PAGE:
From Bev Walter:
To Iris regarding freezing cilantro, blanch it very briefly before freezing to retain the color. Remove from boiling water and plunge into cold water, then dry and freeze.

Bev: Thanks for the tip.


From Ergene Marnelos:
Do you have the recipe for Coney dog sauce that was served at the old Freeze in Montrose? If so, please forward to me. I have had Enchanted Cafe's and it's good, too.

Ergene: No, no, no I don't have that recipe. But I want it! After Canova's chili recipe, which I finally unraveled, the Freeze's Coney sauce recipe is probably the most-requested recipe in the Akron area. If anyone has information about the recipe or the former owners, I'd love to hear from you. This recipe is part of our collective history. We can't let it just slip away.

From Sandy:
I was reading about A.K. wanting a Coney sauce recipe. Here is a recipe that was handed down from my husband's grandmother. He won't eat a hot dog without it.

CONEY SAUCE
(Printer Friendly Recipe Archive)

• 1 lb. ground beef
• 1 tsp. mustard
• 1/2 cup ketchup
• 1/2 tsp. sugar
• 1/2 tsp. salt

Brown ground beef slowly until light brown. Drain off most of grease, leaving enough to keep the meat moist. Add remaining ingredients and stir well. Cook until flavors are blended. Spoon over hotdogs in buns.


Carol, California:
I need a recipe for artichoke appetizer squares. I envision them with oil or butter, bread crumbs and/or flour, eggs, marinated artichokes and cheese. Would you happen to have such a recipe? I think I made such an item many years ago.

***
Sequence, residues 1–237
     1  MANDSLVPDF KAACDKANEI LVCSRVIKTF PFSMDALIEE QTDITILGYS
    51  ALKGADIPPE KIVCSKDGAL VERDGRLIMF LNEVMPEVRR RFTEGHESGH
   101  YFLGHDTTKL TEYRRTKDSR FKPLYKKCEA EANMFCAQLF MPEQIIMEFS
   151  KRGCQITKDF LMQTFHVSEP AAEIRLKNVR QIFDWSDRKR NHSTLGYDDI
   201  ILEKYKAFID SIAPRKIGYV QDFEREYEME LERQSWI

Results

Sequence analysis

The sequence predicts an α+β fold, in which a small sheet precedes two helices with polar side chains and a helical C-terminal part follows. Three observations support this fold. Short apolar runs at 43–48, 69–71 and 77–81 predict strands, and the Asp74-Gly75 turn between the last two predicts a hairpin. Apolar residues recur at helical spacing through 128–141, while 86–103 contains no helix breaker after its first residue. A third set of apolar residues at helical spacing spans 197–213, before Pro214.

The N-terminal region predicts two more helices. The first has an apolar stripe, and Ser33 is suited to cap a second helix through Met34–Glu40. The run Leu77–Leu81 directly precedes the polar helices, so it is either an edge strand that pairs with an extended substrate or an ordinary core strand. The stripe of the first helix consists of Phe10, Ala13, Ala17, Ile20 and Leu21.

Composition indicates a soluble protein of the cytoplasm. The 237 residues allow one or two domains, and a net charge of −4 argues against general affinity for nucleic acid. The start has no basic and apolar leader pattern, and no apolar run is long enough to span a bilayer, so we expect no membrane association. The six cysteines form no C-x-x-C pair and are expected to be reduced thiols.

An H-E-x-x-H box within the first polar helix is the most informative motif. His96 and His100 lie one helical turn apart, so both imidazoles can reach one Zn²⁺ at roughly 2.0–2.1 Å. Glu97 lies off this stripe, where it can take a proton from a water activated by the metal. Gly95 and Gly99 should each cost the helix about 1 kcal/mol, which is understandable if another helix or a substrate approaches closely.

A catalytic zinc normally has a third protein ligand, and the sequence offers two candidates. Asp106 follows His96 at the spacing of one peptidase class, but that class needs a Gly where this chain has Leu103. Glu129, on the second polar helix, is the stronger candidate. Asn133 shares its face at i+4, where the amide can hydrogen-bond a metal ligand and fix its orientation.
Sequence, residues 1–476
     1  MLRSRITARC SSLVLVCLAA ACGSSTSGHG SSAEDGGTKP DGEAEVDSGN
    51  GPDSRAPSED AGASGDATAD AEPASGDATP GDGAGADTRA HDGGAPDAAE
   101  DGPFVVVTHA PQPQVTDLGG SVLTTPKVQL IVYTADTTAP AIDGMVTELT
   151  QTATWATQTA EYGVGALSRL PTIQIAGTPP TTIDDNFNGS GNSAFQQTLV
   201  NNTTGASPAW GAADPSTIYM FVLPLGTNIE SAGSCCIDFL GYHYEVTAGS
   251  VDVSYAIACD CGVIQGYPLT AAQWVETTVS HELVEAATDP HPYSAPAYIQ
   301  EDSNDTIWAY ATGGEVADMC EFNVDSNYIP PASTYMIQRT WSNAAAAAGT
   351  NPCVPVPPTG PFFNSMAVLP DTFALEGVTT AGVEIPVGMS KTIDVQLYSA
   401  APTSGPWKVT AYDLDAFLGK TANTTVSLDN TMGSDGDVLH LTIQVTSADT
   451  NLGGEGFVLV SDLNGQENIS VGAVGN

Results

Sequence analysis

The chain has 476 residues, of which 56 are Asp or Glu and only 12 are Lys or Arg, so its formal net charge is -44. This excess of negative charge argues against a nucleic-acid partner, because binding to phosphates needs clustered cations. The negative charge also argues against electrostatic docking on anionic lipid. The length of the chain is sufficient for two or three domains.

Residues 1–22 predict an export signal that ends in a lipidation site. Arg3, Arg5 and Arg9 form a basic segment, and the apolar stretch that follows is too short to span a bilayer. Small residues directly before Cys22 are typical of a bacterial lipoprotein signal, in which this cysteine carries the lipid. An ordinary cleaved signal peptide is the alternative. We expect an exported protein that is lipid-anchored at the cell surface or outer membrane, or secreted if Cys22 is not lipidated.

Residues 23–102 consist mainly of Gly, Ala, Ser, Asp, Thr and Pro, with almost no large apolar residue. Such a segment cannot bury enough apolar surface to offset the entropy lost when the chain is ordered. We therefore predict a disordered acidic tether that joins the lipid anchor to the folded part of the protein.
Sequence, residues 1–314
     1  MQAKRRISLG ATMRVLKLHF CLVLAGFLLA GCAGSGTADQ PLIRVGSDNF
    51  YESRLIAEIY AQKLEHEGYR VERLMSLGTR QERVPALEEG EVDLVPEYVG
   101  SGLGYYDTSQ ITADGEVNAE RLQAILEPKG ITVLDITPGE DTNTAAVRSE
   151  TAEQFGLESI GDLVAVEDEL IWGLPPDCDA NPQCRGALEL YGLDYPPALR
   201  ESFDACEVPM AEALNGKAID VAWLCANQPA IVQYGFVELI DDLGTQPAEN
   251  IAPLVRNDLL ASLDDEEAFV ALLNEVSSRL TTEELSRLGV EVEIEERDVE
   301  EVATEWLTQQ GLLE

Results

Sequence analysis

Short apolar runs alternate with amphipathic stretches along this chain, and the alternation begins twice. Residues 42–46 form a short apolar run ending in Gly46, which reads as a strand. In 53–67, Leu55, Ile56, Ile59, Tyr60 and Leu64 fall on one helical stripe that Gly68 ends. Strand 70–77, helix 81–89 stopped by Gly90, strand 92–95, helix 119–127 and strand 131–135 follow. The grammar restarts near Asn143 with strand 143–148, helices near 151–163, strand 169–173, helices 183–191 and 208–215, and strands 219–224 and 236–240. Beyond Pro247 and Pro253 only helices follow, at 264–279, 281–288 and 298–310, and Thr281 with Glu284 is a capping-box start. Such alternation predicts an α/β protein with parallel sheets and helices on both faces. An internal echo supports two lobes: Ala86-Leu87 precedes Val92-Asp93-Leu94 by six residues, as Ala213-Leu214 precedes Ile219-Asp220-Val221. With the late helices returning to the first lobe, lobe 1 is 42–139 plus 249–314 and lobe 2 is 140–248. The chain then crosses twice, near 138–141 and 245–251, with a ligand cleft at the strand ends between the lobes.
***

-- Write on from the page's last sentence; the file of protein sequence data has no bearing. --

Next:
Carol: I'm envisioning them now, too, and they look pretty darn good. I don't have a recipe, but I hope someone sends one pronto!



CONTACT JANE
The only way Mimi and I can keep this newsletter going is by increasing the number of readers in order to attract underwriters. Please share this newsletter with your friends and urge them to subscribe. It's free! If you have a food question, recipe request or comment, E-mail Jane Snow at jane@janesnowtoday.com Please put "FOOD" in the subject line.

ABOUT JANE SNOW
Jane Snow is the former food editor of the Akron Beacon Journal. Her work has appeared in newspapers nationwide. She has won two James Beard Awards for food writing and has been nominated twice for the Pulitzer Prize. She lives in Akron, Ohio, with her husband, Tony, a sushi chef and owner of Sushi Katsu, an Akron sushi bar.

A portion of the proceeds generated through sponsorships of this newsletter go to the Jane Snow Fund For Hunger at Akron Community Foundation.